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Anxiety among Tehran women after headscarf death

2022-09-22 HKT 16:27
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  • A protester in Turkey holds up a portrait of Mahsa Amini during a demonstration. Photo: AFP
    A protester in Turkey holds up a portrait of Mahsa Amini during a demonstration. Photo: AFP
The death of Mahsa Amini last week after her arrest by Iran's morality police has sparked anger and anxiety among many women in the Islamic republic.

"I'm frightened," said Nazanin, a 23-year-old nurse from Tehran, who said she is now far more careful about how she wears her headscarf to avoid run-ins with the police unit responsible for enforcing a strict Islamic dress code for women.

Amini, a Kurd, had been detained for allegedly wearing a hijab headscarf in an "improper" way, and died at a Tehran hospital after having spent three days in a coma.

Public anger has flared over her death, and at least six protesters have been killed in nationwide demonstrations, according to Iranian officials.

The behaviour of the morality police – known formally as the Gasht-e Ershad or "Guidance Patrol" – "isn't right", Nazanin said.

"They shouldn't confront people at all" or interfere with how women dress, she added. "I don't understand why they do it," she said, insisting that "everyone respects the law".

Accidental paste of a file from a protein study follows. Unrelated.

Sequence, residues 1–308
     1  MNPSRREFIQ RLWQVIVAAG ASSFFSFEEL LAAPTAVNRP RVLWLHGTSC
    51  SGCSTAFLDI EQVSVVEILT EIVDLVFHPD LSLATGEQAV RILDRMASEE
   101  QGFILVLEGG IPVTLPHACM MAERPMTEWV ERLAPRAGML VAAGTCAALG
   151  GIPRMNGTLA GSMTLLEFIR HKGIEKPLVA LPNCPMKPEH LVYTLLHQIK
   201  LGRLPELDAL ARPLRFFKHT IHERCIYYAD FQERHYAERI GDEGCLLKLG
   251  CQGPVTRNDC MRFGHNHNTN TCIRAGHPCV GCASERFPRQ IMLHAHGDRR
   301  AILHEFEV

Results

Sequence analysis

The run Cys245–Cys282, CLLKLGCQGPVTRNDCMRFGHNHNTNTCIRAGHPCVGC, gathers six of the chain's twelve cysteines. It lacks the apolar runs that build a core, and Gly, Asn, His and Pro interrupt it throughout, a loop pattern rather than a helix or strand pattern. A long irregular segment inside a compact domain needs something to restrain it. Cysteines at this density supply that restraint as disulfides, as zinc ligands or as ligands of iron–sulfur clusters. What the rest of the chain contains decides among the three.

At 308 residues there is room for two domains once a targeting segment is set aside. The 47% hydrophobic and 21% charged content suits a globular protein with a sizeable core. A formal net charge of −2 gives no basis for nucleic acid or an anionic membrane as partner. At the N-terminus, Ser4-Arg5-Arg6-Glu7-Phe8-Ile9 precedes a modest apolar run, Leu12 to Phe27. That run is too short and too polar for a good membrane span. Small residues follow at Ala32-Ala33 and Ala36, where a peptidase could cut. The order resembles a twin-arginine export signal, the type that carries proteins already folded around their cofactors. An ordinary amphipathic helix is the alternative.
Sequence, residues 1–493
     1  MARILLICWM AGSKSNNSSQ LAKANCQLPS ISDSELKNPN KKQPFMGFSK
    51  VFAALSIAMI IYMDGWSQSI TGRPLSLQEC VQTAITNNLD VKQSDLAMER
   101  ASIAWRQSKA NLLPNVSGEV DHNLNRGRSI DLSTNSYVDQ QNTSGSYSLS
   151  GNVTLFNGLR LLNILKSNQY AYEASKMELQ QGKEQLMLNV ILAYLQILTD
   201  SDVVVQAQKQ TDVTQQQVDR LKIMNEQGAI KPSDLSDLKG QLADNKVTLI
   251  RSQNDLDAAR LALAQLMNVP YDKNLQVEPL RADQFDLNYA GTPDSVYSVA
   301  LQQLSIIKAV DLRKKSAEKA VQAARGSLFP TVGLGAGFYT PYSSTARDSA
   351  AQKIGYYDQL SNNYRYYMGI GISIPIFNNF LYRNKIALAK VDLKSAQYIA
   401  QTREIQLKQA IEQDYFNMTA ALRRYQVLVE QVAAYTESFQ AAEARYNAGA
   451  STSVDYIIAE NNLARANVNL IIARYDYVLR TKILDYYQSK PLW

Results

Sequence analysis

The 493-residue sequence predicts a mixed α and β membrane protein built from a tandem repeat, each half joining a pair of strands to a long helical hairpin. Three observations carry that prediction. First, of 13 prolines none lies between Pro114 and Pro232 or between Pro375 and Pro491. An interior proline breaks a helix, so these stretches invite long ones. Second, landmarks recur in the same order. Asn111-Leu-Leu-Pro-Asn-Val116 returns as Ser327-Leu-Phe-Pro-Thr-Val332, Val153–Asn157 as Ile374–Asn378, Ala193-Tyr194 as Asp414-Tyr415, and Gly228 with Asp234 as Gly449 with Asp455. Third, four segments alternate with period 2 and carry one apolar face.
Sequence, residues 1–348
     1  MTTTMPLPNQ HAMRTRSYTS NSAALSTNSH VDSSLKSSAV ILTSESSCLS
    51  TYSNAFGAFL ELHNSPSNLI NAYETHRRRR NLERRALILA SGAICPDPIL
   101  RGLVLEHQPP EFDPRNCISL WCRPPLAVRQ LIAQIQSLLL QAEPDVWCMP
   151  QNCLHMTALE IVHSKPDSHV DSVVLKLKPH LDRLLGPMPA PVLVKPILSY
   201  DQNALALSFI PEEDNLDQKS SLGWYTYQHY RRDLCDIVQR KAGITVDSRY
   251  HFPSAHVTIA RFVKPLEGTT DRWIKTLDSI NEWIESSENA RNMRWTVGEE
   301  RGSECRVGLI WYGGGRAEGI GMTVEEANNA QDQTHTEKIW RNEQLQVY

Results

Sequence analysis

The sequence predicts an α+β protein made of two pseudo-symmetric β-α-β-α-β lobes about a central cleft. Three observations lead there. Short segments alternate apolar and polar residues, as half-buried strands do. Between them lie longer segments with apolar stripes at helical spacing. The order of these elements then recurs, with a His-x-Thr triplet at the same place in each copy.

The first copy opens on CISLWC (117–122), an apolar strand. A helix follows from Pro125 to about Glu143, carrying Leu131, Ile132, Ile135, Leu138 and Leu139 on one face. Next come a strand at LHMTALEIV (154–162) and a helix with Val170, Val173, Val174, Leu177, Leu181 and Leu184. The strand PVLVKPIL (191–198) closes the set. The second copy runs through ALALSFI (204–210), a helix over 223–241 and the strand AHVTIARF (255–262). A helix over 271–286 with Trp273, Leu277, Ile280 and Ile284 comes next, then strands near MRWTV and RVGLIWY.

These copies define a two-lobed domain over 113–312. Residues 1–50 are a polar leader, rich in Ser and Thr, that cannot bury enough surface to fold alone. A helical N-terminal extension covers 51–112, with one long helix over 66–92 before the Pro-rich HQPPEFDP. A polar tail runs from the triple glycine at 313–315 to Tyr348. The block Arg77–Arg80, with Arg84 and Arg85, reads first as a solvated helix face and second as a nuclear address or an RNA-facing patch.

"Hijab is a choice," said Mahtab, a 22-year-old make-up artist, wearing an orange headscarf outside her shop in an affluent neighbourhood in Tehran's north.

"It shouldn't be forced. I like to wear it... others prefer a chador," she added, referring to the conservative black full-body dress.

Mahtab is "afraid of seeing" the morality police, but said she has not changed "at all" how she dresses.

However, she said she would not "dare" take part in the many demonstrations in the capital and more than a dozen other cities since Amini's death was announced last Friday, and she called the protesters "brave".

In Iran, women – regardless of their faith – are required to cover their hair, and the morality police bans them from wearing coats above the knee, tight trousers, bright colours or torn jeans.

Activists said Amini had suffered a fatal blow to the head, a claim denied by officials, who have announced an investigation.

In Turkey, a woman cut her hair as dozens of others cheered at a protest held outside Tehran's Istanbul consulate in solidarity with Mahsa Amini.

Turkish and Iranian women outside the consulate brandished portraits of Amini.

"Iranian women's fight for freedom is our own fight. Long live our international solidarity!" one protester said. (AFP)